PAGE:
GS: We designed them to last for the life of the vehicle. We’re aware of owners who have racked up a quarter-million miles without replacing the batteries.

    Q: What would it cost to replace a complete battery pack?

    GS: Less than $3000, plus labor.

    Q: How long is the warranty?

    GS: The high-voltage batteries are warranted for eight years or 100,000 miles, and under California regulations the battery warranty extends to 10 years or 150,000 miles.”

    Again, this is a technology in it’s infancy. Sadly when I hear arguments like Resto’s, I only hear the old argument against flight “If man were meant to fly, he’d have been born with wings!”

    Oh yea, one other thing, I hope I did not offend any Harley Davidson owners in my previous comments. I was referring to the types of bikes they currently build, not the quality or dependiblity. Several friend of mine own late model bikes and they appear to be very reliable.

  2. Resto says:

    We need one more breakthrough in battery technology to make all of these electric vehicles truly feasible. We MUST invest in basic research to achieve it. Lithium (Ion/Polymer/Phosphate) has run it’s course. We need another doubling or tripling on energy density. While we are at it, lets work on longevity. Paying half the cost of the bike every 2-3 years to replace the batteries is not going to make a lot of owners happy. Tesla and most of the “electric cars” are appeasement gestures for governments or money pits for gullible investors. Finally, if you plug your electric vehicle into the wall, it is actually likely coal powered as hydroelectric and other forms of generation lag far behind. Don’t start with wind and solar which are pipe dreams if you can do elemetary grade level math (you would have to cover 3 northeast states, every square inch, with photovoltaics to satisfy current demand (which does not include electric transportation), that’s assuming the sun shines 24 hours a day and there are no clouds, at a cost of several times GDP which degrades from the moment they are installed, have to be cleaned regularly and replaced every 15-20 years)… unfortunately, nuclear remains the only viable option on the table to make all these electrics “green” and then we have the radioactive waste to contend with. No simple answers (unless you are deluded, ill informed, or a utopia bound unicorn rider member of the uneducated media), only tough choices.

    • Manic says:

      You have valid points Resto but I beg to differ about the “pipe dream” statement you made. The whole point is not only to change our energy sources from primarilly oil based, but to also reduce our obiese consumption of energy. It does not mean getting rid of oil altogether. It means reducing how much we use! As long as we have people commuting to work in their 12 mpg 8 pasenger SUV, by themselves and other such wastful practices, then yes you are right. On the other hand, if we start carpooling, use more efficiant forms of transpertation, stop sprawl and build a good mass transit infustructure, we can dramaticly reduce our oil dependicies and air pollution! Meanwhile we can continue to use those wonderful performance engines, two & four stroke, for what we really like to use them for! As far as the battery technology goes, of course it needs to advance, but will not do so until the demand – and therefore commercial viability – increases. I myself put a very small solar aray on my roof last year – about a third of my total roof area – and have seen my utility bill go from $1500. 00 per year to $300.00! I’ve also done things to make my house energy efficient, like installing a whole house fan (to remove latent heat before I turn the AC on) bought an energy efficient cloths washer and other appliances. Yes I’ve had to put out monies for these upgrades but I needed a new washer anyway ( the old one was close to 20 years old). As far as the cost and replacement intervals of current battery technology, how do you propose to do that if we don’t start making it a more common everyday product. When Toyota and Honda first marketed the Prius and Insight back in the 90s, it reportedly cost them about $32,000. to build each car, yet they were selling them for about $20,000. That’s called an investment and that how inovation happens! As far as your “deluded, ill informed, or a utopia bound unicorn rider member of the uneducated media” comment goes, I can only think of the famous saying that was probably coined in America, “Lead, Follow or get out of the way! I pesonally would like to see America lead! Hell, if Harley Davidson or GM could build the type of product I prefer that was dependable, I’d gladly buy one but so far they continue to let me down. You state that only tough choices remain. Well again to quote an old saying “When the going gets tough, The tough get going!” As you said Resto “if you can do elemetary grade level math” it’s a no brainer.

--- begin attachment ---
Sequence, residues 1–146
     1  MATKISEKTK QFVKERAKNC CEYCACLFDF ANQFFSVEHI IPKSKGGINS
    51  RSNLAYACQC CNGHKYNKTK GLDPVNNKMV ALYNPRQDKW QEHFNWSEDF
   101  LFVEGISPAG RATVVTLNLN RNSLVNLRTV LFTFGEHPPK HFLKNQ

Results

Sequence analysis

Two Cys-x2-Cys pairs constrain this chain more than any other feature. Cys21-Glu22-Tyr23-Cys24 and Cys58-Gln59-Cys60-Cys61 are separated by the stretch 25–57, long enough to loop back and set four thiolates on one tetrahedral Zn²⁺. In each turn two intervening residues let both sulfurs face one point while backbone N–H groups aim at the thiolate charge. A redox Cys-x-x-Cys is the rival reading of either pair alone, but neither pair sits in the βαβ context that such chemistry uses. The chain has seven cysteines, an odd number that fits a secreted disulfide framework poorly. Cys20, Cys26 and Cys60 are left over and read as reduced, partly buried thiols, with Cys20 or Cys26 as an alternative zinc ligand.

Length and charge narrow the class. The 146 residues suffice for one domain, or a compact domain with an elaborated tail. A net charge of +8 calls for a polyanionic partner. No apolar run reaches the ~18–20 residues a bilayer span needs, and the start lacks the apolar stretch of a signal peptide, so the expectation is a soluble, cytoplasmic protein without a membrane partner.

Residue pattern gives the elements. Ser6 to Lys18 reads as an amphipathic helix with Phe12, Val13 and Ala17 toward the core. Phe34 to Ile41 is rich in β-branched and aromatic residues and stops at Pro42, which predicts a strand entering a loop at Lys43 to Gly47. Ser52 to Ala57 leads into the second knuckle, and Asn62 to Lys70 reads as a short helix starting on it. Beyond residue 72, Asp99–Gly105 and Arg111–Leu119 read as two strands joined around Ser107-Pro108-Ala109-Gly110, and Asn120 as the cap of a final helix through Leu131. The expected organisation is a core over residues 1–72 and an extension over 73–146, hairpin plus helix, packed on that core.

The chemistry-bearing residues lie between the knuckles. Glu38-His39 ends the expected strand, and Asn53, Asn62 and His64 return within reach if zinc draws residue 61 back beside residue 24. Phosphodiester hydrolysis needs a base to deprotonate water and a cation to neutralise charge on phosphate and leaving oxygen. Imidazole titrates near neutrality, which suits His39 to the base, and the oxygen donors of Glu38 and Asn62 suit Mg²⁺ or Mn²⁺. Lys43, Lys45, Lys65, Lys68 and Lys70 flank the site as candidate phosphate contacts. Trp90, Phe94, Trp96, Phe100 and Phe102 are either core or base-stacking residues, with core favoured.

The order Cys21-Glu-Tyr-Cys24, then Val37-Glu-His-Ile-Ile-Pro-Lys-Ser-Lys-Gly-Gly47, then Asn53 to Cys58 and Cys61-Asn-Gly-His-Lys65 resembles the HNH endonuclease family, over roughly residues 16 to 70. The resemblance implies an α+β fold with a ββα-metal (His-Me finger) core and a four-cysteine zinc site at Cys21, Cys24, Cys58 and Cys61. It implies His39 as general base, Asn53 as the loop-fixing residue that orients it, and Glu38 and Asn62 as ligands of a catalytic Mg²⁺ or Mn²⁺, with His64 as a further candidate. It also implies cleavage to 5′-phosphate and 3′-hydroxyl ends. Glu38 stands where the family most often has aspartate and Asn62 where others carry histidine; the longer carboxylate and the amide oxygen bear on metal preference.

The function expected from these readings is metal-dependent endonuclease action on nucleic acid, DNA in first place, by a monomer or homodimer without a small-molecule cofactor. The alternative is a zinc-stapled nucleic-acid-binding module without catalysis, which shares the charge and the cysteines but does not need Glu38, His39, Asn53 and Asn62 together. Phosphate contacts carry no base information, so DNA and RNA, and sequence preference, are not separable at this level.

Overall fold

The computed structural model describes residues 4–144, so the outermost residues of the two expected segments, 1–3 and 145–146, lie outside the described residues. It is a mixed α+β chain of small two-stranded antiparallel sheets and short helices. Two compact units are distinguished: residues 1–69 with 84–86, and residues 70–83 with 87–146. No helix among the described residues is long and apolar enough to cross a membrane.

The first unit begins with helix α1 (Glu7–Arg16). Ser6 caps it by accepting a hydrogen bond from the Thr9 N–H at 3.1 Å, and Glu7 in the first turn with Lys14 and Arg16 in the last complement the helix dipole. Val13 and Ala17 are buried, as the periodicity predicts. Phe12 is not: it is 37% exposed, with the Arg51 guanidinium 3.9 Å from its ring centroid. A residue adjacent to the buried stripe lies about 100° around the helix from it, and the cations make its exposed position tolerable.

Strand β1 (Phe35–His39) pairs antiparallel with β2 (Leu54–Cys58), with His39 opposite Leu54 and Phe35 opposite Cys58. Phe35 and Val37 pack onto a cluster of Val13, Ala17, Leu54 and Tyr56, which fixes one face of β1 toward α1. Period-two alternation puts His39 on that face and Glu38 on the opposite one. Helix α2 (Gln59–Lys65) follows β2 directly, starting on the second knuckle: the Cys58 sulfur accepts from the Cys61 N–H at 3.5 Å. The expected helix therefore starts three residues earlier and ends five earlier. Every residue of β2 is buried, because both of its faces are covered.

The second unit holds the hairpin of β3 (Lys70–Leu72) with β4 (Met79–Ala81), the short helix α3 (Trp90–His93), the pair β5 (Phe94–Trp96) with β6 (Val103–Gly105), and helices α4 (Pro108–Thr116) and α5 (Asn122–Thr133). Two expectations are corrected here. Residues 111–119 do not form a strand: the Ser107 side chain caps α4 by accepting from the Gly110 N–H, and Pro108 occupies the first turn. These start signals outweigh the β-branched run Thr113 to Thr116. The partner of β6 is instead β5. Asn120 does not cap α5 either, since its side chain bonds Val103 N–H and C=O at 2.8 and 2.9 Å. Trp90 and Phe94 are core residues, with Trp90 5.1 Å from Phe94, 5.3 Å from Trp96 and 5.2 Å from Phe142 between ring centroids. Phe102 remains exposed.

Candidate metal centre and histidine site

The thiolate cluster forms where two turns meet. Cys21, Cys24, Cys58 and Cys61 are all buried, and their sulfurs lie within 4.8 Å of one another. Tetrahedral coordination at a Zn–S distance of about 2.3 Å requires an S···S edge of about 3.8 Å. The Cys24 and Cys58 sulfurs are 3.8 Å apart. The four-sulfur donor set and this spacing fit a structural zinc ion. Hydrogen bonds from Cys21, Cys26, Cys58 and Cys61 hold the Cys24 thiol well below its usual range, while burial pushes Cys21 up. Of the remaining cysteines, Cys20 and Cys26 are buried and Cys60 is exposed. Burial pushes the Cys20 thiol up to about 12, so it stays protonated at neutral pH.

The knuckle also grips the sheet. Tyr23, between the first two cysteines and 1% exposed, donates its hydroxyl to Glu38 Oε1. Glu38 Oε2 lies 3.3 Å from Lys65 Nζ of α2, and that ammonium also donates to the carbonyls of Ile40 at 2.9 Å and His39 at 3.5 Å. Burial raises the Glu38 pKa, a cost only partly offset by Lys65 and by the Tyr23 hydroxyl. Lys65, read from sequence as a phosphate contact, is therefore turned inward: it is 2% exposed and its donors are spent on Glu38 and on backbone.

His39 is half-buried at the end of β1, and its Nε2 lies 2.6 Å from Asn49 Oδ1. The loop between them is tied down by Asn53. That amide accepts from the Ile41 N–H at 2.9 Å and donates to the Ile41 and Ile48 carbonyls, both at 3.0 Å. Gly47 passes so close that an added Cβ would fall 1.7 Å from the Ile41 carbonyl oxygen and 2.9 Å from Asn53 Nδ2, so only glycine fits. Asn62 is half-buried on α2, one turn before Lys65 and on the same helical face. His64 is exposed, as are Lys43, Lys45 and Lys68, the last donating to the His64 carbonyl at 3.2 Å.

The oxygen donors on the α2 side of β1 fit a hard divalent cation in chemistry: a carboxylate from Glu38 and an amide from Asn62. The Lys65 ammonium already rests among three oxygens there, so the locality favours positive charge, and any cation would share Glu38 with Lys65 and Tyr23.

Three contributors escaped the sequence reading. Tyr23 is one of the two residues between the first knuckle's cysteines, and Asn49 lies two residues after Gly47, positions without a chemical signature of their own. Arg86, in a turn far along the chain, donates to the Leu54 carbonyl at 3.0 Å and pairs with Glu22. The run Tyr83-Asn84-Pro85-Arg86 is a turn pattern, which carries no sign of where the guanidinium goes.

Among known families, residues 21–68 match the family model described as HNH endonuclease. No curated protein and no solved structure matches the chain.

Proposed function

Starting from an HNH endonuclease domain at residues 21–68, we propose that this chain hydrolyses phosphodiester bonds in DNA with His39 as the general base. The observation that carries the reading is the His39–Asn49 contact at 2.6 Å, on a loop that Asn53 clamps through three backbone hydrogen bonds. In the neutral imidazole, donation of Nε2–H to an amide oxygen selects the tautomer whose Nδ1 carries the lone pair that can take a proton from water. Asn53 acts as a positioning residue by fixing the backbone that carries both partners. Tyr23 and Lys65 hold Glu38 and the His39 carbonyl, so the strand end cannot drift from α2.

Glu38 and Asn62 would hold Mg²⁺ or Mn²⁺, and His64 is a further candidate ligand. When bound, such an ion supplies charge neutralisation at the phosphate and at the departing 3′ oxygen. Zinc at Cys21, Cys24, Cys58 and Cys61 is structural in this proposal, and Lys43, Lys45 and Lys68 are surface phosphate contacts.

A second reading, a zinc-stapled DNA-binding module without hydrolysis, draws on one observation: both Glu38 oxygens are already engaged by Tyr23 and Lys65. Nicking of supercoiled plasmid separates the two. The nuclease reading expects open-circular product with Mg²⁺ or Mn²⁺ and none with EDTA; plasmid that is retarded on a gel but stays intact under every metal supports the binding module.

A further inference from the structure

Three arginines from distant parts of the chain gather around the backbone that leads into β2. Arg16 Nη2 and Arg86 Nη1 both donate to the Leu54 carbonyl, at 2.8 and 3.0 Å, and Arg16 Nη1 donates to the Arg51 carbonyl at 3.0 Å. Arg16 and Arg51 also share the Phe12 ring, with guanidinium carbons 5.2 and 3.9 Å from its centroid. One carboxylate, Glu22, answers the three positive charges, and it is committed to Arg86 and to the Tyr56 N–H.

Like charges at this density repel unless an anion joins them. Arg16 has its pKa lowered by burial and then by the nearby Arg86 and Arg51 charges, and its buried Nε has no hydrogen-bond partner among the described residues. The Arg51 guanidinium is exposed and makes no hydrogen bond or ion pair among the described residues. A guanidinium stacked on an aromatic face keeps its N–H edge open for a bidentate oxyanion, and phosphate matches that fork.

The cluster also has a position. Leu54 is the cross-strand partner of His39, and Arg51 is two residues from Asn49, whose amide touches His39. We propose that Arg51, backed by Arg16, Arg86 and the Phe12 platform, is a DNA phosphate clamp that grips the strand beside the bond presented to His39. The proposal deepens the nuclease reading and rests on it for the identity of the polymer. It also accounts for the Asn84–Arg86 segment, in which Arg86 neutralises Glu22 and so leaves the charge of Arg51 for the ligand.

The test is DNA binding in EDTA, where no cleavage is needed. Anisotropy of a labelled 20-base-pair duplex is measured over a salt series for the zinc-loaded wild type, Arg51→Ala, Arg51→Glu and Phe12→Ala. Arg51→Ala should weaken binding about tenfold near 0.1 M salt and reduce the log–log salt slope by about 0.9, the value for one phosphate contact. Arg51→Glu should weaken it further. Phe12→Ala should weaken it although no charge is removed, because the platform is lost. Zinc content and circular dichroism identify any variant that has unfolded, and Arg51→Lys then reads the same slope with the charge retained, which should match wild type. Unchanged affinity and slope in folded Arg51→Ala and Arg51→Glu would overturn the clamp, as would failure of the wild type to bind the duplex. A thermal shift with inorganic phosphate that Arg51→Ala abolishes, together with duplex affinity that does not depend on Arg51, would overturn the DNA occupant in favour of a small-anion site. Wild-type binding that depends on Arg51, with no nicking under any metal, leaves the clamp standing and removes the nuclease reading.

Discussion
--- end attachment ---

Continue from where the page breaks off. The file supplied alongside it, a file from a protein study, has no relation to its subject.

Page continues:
Just so you know

  3. Manic says: